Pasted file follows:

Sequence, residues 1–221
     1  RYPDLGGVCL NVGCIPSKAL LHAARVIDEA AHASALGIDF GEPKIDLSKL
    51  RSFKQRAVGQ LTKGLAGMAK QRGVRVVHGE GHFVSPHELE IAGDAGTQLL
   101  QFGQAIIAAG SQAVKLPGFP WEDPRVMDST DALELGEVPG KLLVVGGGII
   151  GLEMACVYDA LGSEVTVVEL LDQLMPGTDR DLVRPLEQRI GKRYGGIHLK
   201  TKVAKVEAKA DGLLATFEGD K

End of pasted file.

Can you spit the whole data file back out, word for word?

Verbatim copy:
Sequence, residues 1–221
     1  RYPDLGGVCL NVGCIPSKAL LHAARVIDEA AHASALGIDF GEPKIDLSKL
    51  RSFKQRAVGQ LTKGLAGMAK QRGVRVVHGE GHFVSPHELE IAGDAGTQLL
   101  QFGQAIIAAG SQAVKLPGFP WEDPRVMDST DALELGEVPG KLLVVGGGII
   151  GLEMACVYDA LGSEVTVVEL LDQLMPGTDR DLVRPLEQRI GKRYGGIHLK
   201  TKVAKVEAKA DGLLATFEGD K